Saturday, June 21, was a very humbling, satisfying, and scary day for me. I walked into a room of 37 hopeful writers, and all eyes turned to me, waiting for me to say something useful and relevant. How well I knew the feelings coming from those eyes.
Because I know what it's like to have a yearning to write, but never the time or the ability to get started. I know what it's like to have a drawer or a closet full of material that you've never sent out because you don't really believe it's any good. I know what it's like to have your fragile aspirations shot down by a mean agent or editor. I know what it's like to wake up one morning and realize that, if this is ever going to happen, you've got to get serious.
My goal for the day was to give each person something to take home, something to think about, a hook on which to hang a beginning, just enough confidence, just enough courage, just enough faith in themselves and the process of writing.
The other instructor, Mike Hancock, and I each took appointments every 30 minutes throughout the afternoon. There were no unfilled slots. In one way, this was a grueling exercise, as every thirty minutes, a new face, a new project sat before us. As the writer described his vision and the progress, if any, he had made on it, I was listening intently for that one important piece of information. Where was the sticking point? And what advice could I give to jack the car over the rock upon which it was high centered?
The sticking points were all over the place. Fear was a big one. And fear is indiscriminate in choosing its victims. Fear tied the hands of a Ph.D. in English literature and a Berryville woman, whom I had known in my book club, but whom I had not known could write prose so beautiful, it could be published right now. Yet, she had never submitted anything.
Then there was the question of how to begin. Not usually at the beginning. Not in this century. Dickens could begin with, "I am born." But we have to start at the moment of drama, of crisis, of conflict. And then bring in the backstory. Which is not to say that you shouldn't get a first draft down in chronological order. But you must recognize that a first draft is your wet clay, which must then be shaped and crafted into something lovely.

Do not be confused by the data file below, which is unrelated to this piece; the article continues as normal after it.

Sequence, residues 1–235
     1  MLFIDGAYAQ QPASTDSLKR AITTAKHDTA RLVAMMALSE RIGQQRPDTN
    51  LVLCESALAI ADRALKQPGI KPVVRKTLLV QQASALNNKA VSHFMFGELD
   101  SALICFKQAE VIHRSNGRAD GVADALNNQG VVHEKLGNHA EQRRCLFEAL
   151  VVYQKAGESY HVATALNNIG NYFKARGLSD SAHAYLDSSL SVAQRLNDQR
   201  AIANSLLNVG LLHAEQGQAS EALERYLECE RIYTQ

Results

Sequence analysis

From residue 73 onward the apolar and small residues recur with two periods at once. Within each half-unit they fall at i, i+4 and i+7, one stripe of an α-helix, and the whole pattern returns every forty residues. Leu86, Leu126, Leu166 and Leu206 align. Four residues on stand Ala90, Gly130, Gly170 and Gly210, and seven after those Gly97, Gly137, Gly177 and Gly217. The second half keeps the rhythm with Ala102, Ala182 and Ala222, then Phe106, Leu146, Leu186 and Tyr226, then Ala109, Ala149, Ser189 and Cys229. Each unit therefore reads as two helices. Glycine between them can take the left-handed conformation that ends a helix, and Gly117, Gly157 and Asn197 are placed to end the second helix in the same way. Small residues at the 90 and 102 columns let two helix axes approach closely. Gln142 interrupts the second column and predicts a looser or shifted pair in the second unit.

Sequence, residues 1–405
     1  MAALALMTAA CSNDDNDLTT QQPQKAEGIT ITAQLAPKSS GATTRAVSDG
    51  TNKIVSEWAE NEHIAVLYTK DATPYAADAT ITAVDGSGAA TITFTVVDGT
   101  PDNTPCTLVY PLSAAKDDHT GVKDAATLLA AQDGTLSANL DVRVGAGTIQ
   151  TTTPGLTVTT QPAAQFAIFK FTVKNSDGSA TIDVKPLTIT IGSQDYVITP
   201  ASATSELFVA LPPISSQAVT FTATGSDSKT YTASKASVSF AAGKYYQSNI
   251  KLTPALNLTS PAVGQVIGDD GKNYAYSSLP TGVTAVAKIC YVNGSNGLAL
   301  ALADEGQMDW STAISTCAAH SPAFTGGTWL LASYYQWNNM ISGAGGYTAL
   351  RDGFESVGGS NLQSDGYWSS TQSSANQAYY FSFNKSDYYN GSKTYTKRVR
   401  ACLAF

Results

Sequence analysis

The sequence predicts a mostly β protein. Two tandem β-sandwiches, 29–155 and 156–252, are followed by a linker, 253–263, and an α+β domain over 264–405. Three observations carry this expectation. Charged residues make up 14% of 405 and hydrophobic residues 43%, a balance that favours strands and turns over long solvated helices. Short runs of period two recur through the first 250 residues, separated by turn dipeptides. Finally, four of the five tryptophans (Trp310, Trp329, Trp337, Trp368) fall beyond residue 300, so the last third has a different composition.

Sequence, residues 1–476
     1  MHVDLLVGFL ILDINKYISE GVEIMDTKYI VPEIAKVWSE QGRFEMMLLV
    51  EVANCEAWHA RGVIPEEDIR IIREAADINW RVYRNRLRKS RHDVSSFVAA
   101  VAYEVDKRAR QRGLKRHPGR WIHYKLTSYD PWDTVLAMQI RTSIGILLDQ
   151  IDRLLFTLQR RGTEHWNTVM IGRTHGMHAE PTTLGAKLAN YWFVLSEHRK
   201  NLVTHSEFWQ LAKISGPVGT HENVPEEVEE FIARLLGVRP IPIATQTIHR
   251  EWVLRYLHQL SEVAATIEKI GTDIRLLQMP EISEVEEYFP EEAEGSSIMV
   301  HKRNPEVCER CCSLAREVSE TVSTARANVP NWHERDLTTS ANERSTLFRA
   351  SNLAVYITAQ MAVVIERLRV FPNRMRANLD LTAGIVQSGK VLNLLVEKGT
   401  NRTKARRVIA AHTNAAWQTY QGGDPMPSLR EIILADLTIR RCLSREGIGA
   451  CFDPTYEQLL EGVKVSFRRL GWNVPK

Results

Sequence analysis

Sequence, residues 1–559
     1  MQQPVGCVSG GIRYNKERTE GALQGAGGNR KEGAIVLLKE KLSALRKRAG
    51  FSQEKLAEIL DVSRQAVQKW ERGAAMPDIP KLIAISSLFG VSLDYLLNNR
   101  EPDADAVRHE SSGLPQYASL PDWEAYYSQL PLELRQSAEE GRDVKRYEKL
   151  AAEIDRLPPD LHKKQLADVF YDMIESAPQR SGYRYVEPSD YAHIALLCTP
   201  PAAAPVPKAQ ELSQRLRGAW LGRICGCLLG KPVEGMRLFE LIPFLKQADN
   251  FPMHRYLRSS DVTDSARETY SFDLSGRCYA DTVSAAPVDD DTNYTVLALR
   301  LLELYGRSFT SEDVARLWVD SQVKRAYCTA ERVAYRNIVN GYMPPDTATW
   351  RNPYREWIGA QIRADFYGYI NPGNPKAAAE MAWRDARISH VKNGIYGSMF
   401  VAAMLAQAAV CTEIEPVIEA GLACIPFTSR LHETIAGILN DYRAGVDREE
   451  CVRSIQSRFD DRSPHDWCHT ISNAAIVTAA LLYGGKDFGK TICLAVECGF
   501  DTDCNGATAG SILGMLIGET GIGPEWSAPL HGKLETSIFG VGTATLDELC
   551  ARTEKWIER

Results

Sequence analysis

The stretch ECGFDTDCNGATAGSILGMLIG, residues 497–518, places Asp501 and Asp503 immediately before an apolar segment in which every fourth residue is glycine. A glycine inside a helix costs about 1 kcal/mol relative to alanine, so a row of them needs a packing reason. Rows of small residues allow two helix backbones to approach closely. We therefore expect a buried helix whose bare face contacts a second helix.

There were questions of how to get small pieces, poems and flash fiction and short stories, published, and we were able to direct those writers to great online sites which list literary magazines. We were able to advise them to read those publications on line and to select the ones that publish material similar to theirs. There is enough rejection in the world without setting oneself up for failure by sending an inappropriate piece to a journal that doesn't publish that sort of story.
We talked to people who were stuck in developing their plots. We talked to people who had finished memoirs full of great material, but who were wise enough to see that the structure was wrong, memoir being so much more than just a series of scenes.
We fielded questions on how to conduct, pay for, or organize research. Some writers felt that they had a good story, but needed help with grammar and sentence structure. Some were wise enough to realize they needed editing help. And others just expressed a desire to be involved in a community of writers "for motivation, inspiration, and improvement."
By the end of the day, I felt as if my brain could be oozing out my ears, and Mike's eyes were glazed over. But I knew that we had given some good directions, suggested some good connections, maybe touched a few nerves in a good way. After the last two attendees left, we gathered up the disposable cups and pens and moved the chairs back into place.
Mike said, "Man. That was fun."
The August 25th workshop, Elements of Writing Craft, the first workshop of the Community Writing Program has filled up. An identical workshop will be taught September 1. Contact me for more information at 479 292-3665 or email@example.com